provide prompt medical care can support a Jones Act negligence claim or a
claim for unseaworthiness under general maritime law. The cases cited by
Defendant do not, however, indicate that these are the exclusive remedies for
such a failure. Indeed, the Townsend Court emphasized that “remedies for
negligence, unseaworthiness, and maintenance and cure have different origins
and may on occasion call for application of slightly different principles and
The Court further noted “that a seaman’s action for
maintenance and cure is ‘independent’ and ‘cumulative’ from other claims such
Though maintenance and cure is often spoken of as a
financial obligation, the duty of cure has broader historical roots as “the vessel
Gaspard v. Taylor Diving & Salvage Co., 649 F.2d 372, 375 (5th Cir. 1981) (citations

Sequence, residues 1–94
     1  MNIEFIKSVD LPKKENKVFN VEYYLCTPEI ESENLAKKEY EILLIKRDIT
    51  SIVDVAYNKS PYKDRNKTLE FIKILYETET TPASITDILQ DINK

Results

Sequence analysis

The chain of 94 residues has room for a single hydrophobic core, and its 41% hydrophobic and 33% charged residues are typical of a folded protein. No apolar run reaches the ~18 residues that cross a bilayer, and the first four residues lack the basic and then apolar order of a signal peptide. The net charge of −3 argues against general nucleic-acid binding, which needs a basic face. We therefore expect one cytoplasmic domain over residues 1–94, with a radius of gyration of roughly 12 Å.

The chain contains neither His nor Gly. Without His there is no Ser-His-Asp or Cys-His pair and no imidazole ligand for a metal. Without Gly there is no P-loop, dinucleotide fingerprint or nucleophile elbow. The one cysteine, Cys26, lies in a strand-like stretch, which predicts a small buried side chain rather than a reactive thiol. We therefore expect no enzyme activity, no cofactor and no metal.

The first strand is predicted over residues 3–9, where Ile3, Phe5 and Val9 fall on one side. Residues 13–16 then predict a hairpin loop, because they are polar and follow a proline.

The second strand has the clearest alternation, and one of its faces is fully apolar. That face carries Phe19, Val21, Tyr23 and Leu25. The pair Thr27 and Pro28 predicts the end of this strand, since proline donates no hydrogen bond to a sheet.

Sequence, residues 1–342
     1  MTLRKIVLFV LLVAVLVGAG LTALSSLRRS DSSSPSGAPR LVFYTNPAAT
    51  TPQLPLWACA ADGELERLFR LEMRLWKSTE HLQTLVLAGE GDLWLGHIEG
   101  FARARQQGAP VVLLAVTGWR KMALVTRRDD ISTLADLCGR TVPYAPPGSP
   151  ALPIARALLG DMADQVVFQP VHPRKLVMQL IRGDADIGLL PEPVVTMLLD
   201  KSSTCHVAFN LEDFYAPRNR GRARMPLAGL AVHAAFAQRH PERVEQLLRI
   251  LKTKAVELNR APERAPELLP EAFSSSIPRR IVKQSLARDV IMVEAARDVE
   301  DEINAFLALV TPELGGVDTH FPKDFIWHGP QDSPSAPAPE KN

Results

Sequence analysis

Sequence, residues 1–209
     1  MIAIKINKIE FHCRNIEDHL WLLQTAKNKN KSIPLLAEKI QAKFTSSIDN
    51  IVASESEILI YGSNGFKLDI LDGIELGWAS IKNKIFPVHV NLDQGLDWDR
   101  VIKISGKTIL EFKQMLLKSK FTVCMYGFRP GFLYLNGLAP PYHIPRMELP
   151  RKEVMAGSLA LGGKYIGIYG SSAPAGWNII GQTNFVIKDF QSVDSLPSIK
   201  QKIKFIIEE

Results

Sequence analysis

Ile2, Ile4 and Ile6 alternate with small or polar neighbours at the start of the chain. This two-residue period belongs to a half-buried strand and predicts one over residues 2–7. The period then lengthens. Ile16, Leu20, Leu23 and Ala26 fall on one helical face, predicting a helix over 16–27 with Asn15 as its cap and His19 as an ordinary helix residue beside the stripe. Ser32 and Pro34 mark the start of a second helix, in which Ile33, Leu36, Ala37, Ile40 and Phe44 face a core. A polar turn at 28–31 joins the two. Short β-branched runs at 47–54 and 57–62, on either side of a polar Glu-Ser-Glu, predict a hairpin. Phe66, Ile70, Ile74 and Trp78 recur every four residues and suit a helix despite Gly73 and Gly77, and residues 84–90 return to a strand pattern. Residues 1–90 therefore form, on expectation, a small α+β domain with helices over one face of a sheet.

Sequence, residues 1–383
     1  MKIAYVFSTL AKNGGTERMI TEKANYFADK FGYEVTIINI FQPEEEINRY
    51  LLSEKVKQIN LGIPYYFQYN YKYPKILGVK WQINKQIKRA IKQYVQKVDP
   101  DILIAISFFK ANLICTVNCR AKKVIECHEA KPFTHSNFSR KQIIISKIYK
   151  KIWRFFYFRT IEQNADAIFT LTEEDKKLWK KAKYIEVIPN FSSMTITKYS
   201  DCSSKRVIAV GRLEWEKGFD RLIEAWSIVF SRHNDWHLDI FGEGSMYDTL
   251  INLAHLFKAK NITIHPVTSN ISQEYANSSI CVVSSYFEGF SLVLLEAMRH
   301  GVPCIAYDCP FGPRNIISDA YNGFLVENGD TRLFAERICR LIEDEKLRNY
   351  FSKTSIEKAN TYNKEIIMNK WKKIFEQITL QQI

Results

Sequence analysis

omitted) (emphasis added). See also Russell v. U.S. Dist. Court for Cent. Dist. of California,
182 F.3d 927 (9th Cir. 1999).
15 557 U.S. at 423 (citing Fitzgerald v. United States Lines Co., 374 U.S. 16 (1963)).
owner’s obligation to provide food, lodging, and medical services to a seaman
injured while serving the ship.”17 This duty encompasses the duty to provide
medical care to a seaman while aboard the vessel. A breach of this a duty, as
alleged here by Plaintiff, gives rise to an action for breach of the maritime duty
of maintenance and cure. Should Plaintiff be able to carry his burden of
showing that this failure was willful and wanton, punitive damages may be
available.18 Accordingly, this Court cannot say that punitive damages are
unavailable as a matter of law.
For the foregoing reasons, Defendant’s Motion for Partial Summary
Judgment (Doc. 10) is DENIED.
New Orleans, Louisiana this 5th day of October, 2016.
JANE TRICHE MILAZZO
UNITED STATES DISTRICT JUDGE
Lewis v. Lewis & Clark Marine, Inc., 531 U.S. 438, 441 (2001).
557 U.S. at 424.